328th Armament Systems Wing
Air Force Materiel Command.png
71st Fighter-Interceptor Squadron F-106 58-0775 1970.jpg
71st Fighter-Interceptor Squadron Convair F-106[note 1]
Active1942–1944, 1955–1968, 2005–2007
Country United States
Branch United States Air Force
RoleWeapons development management
Part ofAir Force Materiel Command
Motto(s)Fast and Furious (WW II)
328th Armament Systems Wing emblem
328th Armament Systems Wing.png
328th Fighter Group emblem (Approved 24 November 1958)[1]
328th fighter gp-air defense.jpg
328th Fighter Group emblem (Approved 23 February 1943)[1]
Air to Air Missile Systems Wing logo[2]
Air to Air Missile Systems Wing.jpg

The 328th Armament Systems Wing is an inactive wing of the United States Air Force (USAF). It was last active in 2007, assigned to the Air Armament Center, part of Air Force Materiel Command (AFMC) at Eglin Air Force Base, Florida. It was first activated in 1942 as the 328th Fighter Group and served during World War II as a fighter aircraft training unit until disbanded in 1944 in a major reorganization of the Army Air Forces.

The group was reactivated in 1955 in a reorganization of Air Defense Command (ADC) in which ADC replaced its existing air defense groups with fighter groups that had served during World War II. It provided air defense for the central United States and supported all USAF units at Richards-Gebaur Air Force Base, Missouri. In 1961, the unit's mission expanded and the 328th Fighter Group was replaced by the 328th Fighter Wing until the wing was inactivated in 1968 and its remaining operational squadron was reassigned. In 1985 the 328th Group and Wing were consolidated into a single unit.

The wing was activated a final time in 2005 as the Air to Air Missile Systems Wing in the Air Force Materiel Command Transformation, which replaced the traditional staff office organization of the Air Armament Center and other AFMC centers with wing, groups, and squadrons. It was consolidated with the 328th in 2006, receiving its most recent name. In 2007 the wing was inactivated when all systems development activities at Eglin were moved under the 308th Armament Systems Wing.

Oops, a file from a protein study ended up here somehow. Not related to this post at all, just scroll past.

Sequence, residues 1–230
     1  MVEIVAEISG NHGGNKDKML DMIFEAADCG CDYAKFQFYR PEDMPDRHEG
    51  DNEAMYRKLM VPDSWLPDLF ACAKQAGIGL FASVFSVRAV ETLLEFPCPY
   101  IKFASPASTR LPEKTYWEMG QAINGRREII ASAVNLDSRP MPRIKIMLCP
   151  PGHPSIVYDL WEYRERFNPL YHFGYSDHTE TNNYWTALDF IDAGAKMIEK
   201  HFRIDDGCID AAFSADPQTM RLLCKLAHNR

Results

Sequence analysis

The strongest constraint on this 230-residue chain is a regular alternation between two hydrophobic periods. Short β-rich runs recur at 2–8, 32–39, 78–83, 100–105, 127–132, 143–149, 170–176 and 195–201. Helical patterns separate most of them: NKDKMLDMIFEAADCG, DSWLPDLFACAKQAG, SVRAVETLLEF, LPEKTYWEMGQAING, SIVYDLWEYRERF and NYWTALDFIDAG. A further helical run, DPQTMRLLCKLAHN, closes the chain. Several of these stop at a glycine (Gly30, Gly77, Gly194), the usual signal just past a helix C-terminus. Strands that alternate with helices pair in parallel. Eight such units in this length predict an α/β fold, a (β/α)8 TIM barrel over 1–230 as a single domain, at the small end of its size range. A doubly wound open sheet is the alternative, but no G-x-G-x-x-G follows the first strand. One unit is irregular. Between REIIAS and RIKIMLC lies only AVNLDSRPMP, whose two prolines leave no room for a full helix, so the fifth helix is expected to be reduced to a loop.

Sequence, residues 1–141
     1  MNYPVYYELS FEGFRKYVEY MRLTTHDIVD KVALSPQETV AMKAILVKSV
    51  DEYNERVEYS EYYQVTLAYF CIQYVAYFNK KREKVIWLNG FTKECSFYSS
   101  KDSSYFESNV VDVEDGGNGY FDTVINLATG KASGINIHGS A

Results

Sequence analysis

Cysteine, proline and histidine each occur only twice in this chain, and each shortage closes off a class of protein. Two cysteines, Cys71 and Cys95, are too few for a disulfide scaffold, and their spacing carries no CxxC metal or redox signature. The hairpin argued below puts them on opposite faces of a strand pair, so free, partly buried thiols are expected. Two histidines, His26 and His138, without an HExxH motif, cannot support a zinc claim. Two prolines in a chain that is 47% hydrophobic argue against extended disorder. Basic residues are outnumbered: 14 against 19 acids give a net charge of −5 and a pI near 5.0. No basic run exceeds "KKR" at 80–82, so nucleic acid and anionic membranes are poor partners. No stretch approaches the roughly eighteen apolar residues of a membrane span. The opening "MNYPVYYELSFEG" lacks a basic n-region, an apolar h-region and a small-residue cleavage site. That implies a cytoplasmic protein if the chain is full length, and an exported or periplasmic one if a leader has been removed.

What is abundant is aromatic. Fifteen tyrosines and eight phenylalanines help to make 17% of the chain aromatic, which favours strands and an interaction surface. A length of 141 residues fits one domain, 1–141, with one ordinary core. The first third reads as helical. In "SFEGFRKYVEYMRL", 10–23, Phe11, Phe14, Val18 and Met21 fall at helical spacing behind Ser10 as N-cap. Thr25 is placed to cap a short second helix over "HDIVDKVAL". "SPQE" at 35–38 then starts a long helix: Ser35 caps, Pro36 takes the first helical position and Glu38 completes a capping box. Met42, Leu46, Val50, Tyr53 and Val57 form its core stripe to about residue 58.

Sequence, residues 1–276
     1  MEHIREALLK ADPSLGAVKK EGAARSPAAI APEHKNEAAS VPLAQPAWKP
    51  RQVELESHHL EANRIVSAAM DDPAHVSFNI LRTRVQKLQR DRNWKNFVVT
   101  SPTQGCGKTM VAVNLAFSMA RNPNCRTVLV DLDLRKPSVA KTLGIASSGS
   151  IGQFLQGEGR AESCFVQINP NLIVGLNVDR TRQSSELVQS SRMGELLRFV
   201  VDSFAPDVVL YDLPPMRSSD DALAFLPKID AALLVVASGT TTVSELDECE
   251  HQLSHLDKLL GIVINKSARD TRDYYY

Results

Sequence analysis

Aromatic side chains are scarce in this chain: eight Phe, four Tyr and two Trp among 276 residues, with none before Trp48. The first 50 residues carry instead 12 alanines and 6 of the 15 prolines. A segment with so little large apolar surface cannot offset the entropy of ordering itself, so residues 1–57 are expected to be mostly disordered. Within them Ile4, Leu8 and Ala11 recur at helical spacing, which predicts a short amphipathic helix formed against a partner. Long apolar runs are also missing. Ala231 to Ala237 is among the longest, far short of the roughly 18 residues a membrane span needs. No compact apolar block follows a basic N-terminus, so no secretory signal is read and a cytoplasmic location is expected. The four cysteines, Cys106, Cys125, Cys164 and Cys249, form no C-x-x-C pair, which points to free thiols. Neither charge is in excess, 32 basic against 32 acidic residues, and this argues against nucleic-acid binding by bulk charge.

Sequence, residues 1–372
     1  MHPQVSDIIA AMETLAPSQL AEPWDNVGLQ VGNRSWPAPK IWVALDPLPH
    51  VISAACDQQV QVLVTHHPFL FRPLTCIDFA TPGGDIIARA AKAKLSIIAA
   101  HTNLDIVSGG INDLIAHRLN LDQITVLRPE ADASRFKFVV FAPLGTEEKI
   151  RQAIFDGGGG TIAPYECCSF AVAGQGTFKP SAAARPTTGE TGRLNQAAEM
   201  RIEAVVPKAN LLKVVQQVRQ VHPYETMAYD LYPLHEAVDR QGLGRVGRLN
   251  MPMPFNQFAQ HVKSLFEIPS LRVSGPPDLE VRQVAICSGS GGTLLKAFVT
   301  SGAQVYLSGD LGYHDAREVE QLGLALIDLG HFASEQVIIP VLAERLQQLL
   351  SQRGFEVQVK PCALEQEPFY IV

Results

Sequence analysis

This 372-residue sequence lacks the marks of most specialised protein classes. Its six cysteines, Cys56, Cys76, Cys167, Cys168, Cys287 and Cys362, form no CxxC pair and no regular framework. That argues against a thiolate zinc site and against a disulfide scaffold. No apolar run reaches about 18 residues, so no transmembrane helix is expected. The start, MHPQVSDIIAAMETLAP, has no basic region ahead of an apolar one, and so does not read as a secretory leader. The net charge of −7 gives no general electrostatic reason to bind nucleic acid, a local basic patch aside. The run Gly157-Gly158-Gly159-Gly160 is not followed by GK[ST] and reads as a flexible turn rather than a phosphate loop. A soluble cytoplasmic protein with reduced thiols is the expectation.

World War II

P-39 Airacobra as flown by the 328th Fighter Group
P-39 Airacobra as flown by the 328th Fighter Group

The 328th Fighter Group was activated at Hamilton Field, California in 1942 with the 326th,[3] 327th,[4] and 329th Fighter Squadrons[5] assigned.[1] The 328th group flew Bell P-39 Airacobras and participated in the air defense of the west coast.[1] In the fall of 1942, the group dispersed to airfields in the San Francisco Bay area. The 326th Squadron remained with group headquarters at Hamilton, but the 327th moved to Mills Field Municipal Airport in October[4] and the 329th to Oakland Municipal Airport in November.[5]

While performing air defense duty it also acted as an operational training unit (OTU).[1] The OTU program involved the use of an oversized parent unit, such as the 328th, to provide cadres to "satellite groups."[6] In March 1943, the group added a fourth squadron, the newly activated 444th Fighter Squadron, at Hamilton. Once this squadron was organized, it moved to Tonopah Army Air Field, Nevada.[7] 1943 saw a number of moves by the group's squadrons, although headquarters remained at Hamilton. In September the 444th returned to California and Concord Army Air Field, while the 329th Squadron left for Portland Army Air Base early the following month. In mid-December, both the 326th and 444th Squadrons established themselves at Santa Rosa Army Air Field, while the 329th took the 444th's place at Concord.[3][5][7]